Robert Kirkman, The Iconic Storyteller
Robert Kirkman | Photo Credit Cosmic
Thanks to AMC, Robert Kirkman has become somewhat of an icon. After making it big as a comic book writer, his post-apocalyptic zombie thriller The Walking Dead has turned into an entertainment franchise.
In addition to working as an executive producer of AMC’s The Walking Dead and while continuing his own comic series, Kirkman also writes the comic Invincible as well as an exorcism-type story known as Outcast.
How does someone work in such a prolific manner?
Extensive Notes For Multiple Stories
The Walking Dead | Photo Credit AMC
According to Business Insider, Robert Kirkman avoids multitasking so his various ideas do not escape. With so many characters and plot lines in mind, it’s difficult to keep them all separate, so Kirkman makes sure to focus on one title at a time.
In addition to his mental focus, he also takes extensive notes. “I have a notepad in my phone and I’m always pulling it out when I’m pretty much anywhere,” he said, in regards to the storyline, characters, and even dialogue. This is particularly important given that The Walking Dead’s comic and series have different storylines.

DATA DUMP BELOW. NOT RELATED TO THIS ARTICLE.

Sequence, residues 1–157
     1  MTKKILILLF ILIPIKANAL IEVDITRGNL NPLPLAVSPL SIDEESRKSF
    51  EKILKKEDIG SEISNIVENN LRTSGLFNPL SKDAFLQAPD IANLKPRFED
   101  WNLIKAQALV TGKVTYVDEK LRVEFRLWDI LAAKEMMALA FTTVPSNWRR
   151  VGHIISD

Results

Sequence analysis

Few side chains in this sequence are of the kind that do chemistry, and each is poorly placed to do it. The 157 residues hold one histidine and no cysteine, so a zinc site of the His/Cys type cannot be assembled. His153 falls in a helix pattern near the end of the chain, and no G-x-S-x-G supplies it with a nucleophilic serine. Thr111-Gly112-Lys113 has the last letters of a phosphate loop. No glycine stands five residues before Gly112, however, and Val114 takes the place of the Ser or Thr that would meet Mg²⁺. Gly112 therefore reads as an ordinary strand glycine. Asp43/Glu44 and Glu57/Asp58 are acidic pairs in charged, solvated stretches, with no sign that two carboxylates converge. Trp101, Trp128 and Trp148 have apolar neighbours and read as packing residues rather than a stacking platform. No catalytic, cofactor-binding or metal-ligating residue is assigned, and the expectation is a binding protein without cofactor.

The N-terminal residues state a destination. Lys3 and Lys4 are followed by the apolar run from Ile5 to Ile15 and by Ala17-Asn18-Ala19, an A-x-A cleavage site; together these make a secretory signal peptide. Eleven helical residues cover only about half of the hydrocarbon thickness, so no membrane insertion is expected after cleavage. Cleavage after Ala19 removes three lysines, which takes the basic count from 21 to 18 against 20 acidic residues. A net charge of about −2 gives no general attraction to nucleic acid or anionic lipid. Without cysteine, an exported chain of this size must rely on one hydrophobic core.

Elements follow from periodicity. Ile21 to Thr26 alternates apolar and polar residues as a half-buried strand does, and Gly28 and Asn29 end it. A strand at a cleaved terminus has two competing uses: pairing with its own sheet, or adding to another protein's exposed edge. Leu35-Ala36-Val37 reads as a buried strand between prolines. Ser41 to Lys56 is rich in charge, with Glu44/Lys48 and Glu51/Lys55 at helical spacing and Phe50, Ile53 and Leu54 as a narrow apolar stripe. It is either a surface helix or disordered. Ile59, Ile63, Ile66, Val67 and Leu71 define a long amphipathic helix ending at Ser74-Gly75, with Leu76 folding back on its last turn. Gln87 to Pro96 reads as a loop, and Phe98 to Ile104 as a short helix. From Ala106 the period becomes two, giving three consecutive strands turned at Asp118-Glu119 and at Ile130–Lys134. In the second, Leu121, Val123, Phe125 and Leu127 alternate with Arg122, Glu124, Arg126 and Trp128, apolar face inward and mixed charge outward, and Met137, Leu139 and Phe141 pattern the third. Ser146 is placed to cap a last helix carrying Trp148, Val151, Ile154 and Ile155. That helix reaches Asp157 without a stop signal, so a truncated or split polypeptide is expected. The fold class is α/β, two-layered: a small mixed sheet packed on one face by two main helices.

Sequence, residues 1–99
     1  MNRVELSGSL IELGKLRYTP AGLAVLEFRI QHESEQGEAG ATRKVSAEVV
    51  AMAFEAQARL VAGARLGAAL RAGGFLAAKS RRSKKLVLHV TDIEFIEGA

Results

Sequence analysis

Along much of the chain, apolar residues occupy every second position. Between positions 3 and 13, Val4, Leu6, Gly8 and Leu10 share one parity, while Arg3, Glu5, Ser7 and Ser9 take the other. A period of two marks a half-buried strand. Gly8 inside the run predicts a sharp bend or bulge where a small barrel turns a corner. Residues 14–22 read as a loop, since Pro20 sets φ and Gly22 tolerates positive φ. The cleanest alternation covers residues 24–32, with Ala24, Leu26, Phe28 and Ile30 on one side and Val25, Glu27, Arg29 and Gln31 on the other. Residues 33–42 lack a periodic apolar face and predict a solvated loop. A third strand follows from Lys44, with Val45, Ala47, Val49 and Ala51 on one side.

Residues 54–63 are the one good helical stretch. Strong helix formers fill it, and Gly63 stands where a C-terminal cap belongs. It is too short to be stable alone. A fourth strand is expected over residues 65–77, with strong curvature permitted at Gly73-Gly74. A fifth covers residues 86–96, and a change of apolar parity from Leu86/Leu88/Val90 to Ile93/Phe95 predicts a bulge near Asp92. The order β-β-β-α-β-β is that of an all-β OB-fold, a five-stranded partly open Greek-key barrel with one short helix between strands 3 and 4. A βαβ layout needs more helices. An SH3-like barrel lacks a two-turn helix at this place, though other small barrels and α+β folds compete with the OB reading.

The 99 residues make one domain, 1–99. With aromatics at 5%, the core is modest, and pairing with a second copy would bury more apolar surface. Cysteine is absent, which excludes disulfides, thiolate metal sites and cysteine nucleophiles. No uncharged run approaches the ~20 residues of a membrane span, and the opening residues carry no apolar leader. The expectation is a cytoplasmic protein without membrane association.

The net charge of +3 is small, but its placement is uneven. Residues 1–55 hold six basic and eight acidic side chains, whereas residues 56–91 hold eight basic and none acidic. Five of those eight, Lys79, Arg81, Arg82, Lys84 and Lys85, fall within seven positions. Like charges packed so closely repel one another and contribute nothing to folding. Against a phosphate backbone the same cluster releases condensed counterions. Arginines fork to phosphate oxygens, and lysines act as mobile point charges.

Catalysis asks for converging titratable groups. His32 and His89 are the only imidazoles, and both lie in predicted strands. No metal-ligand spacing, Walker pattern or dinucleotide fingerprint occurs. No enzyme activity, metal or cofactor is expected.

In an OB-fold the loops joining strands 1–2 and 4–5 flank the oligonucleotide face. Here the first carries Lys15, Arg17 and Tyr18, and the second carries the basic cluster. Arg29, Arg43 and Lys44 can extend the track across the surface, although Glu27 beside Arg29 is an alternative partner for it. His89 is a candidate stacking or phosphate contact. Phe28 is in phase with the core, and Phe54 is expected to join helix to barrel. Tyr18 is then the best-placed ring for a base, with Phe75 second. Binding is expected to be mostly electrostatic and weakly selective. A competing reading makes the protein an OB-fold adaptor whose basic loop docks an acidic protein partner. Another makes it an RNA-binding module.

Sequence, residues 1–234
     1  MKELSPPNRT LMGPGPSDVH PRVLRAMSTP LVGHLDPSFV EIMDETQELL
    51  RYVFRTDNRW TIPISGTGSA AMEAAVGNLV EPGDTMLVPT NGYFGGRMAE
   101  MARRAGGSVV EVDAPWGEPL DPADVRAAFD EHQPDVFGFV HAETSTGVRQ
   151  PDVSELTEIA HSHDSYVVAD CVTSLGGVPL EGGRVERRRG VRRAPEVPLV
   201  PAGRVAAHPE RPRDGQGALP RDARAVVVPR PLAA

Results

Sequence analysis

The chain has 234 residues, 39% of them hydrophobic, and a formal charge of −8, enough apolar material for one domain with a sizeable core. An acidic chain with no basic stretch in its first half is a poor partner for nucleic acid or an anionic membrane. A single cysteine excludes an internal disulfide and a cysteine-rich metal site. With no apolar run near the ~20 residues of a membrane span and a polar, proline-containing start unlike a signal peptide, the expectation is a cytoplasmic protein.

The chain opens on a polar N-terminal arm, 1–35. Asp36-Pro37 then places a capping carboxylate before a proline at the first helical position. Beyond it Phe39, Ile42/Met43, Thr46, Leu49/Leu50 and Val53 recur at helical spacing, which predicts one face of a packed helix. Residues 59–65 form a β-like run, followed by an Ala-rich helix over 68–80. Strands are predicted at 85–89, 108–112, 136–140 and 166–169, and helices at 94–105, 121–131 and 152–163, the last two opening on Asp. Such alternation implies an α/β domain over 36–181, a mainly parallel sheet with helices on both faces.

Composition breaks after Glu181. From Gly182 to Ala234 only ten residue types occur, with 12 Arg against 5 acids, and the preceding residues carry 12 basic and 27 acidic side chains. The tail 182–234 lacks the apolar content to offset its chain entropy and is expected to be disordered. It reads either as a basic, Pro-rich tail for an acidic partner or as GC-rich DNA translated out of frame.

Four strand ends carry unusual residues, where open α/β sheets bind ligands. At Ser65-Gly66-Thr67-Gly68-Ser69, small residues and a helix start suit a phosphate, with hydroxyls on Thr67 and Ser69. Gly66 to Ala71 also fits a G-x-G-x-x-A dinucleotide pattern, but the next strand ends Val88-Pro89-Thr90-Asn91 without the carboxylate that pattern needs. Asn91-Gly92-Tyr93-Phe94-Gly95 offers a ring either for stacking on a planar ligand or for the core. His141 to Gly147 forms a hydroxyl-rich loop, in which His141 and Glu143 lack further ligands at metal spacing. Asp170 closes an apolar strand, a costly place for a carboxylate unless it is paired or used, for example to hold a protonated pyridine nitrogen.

Besides which character does what, Kirkman also has to focus on where the character is within a story arc. “The Rick Grimes that’s in the show, he hasn’t quite developed to the point that the Rick in the comic book has,” said the writer.
This means that not only does he have to keep up with individual plot points, but he has to keep up with how and why a character will make future decisions. Meaning, Rick Grimes is obviously much different before Glenn died and after Glenn died.
Planning And Creating Unrealistic Goals
This means planning years into the future. It also means setting unrealistic guidelines for himself. “I kind of thrive in chaos,” he confirmed. The sense of urgency means that he needs to set “utterly unrealistic goals.”
Kirkman’s example is that he may need to write four or five pages, so he sets a goal to write twelve pages. That means if he writes six, he’s actually ahead of the game. If he actually hits twelve, then he’s way ahead.
Finally, Kirkman focuses on his work and not his success. If he actually considered how many people were “scrutinizing The Walking Dead at this point, [he] would probably get nervous [or] stage fright…” He works for the sake of the work.
Thankfully for viewers, Kirkman makes it all work for the best possible stories.
Do you prefer Kirkman’s Comic Book or the AMC series?